With my colleagues Xira Ruiz Campillo and Linda Westman, we analysed hundreds of these declarations to understand how they operated within local governments. We found that in some instances, local governments expressed active commitments to change key procedures with lasting impacts on institutional change. An example would be changes in procurement mechanisms that excluded high carbon emitters.

Youth advocacy and action at the heart of societal change

Actions led by young people can create cultural and lifestyle changes that could lead to increased resilience and an overall reduction of carbon emissions. A strong focus on individual behaviour change often distracts from the challenges of facilitating a transition to a safe, liveable society.

But the youth are showing how to create broader social changes for collective futures.

For example, young people can influence the future of work by changing ideas about what kind of job is desirable or on what terms. Changing working patterns during the COVID-19 lockdowns, or the creation of solidarity networks among young people to create jobs in ethical and social enterprises, may be among the ways in which young people can help shift broader cultural narratives to facilitate a green transition.

Youth groups can activate change to innovate in their own neighbourhoods, helping to co-create wider projects of adaptation and mitigation that respond to the needs of their community. The creation of low (or zero) carbon enterprises by young people in countries across the world are cause for hope, and demonstrate the place-based character of a green transition.

Beware of ‘maladaptation’

But there is also growing evidence of maladaptation. For example, UN-Habitat’s World Cities Report 2020 describes the growing evidence of climate gentrification, when actions to create safer neighbourhoods end up displacing vulnerable, low-income groups.

Maladaptation also highlights the need to understand green jobs in the context of existing labour markets. For example, green transition plans that exclude or ignore the informal economy are likely to create maladaptation by excluding many millions of people whose livelihoods depend on it.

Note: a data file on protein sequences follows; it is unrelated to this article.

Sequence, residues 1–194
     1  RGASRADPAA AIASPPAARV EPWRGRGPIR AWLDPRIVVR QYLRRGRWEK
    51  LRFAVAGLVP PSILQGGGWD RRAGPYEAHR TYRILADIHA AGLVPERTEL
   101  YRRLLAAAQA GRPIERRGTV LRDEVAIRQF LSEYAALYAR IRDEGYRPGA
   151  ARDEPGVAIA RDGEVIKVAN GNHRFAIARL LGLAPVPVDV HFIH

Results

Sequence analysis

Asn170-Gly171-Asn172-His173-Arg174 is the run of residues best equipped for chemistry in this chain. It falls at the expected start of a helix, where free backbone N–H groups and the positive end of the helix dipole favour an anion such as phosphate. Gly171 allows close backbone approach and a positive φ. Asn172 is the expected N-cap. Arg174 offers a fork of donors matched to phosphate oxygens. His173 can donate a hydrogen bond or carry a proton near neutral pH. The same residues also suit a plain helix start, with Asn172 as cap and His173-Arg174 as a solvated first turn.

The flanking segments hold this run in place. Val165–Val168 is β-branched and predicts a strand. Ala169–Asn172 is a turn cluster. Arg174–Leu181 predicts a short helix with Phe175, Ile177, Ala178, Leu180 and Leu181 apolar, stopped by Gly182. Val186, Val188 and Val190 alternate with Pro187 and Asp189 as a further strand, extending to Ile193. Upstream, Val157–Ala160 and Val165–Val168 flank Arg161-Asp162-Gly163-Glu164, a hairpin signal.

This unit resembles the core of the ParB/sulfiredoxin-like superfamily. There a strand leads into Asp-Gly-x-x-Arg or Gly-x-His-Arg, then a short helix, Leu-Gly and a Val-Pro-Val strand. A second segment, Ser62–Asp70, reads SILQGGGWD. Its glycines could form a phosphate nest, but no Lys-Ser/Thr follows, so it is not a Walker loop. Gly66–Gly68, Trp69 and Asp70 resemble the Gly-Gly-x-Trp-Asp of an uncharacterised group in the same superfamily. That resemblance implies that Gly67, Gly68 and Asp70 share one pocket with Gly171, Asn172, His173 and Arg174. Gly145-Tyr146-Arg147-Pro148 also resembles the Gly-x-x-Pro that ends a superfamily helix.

People are affected by climate change differently, depending on the social conditions in which they live. For example, the IPCC report shows that people who are already marginalised suffer most from climate impacts.

But people are marginalised for different reasons, poverty and lack of employment being only two of them. We need to interrogate the structural drivers of oppression from citizenship – or lack of it – to disability, gender, sexual orientation, ethnicity and so on. So questions such as, ‘who can access the labour market?’, are crucial in this context.

This kind of intersectional thinking is something that has already been advanced in many youth movements. For example, we need to understand the many ways in which young people are particularly affected by the destruction of jobs as a result of climate change impacts.

Being responsive to the needs of youth

One challenge which is pervasive in adaptation planning and adaptation action is that the amount of finance provided is only a minimal fraction of what is needed. While the expectation is that this finance will increase, and this is likely to create jobs, the truth is that the level of financing is still dismal.

Facilitating climate finance, particularly adaptation finance, both in the public and private sector, is essential for young people to capitalise on the opportunity to have a real impact in climate change mitigation. 

The other key challenge is to recognise multiple forms of knowledge. This includes knowledge held by Indigenous Peoples, and a recognition of knowledge holders and their involvement in knowledge-making and decision-making processes. 

Other knowledge repositories are frequently ignored or overlooked, including knowledge held by young people. Unlocking this can provide valuable insights into the diverse ways in which young lives are shaped by climate change impacts on the social structures, institutions and capacities that youth movements hold.

Inclusive forms of governance and planning which give space to multiple voices, including the youth, should be the basis for any form of urban governance.

About the author

Vanesa Castán Broto is professor of climate urbanism at the University of Sheffield, United Kingdom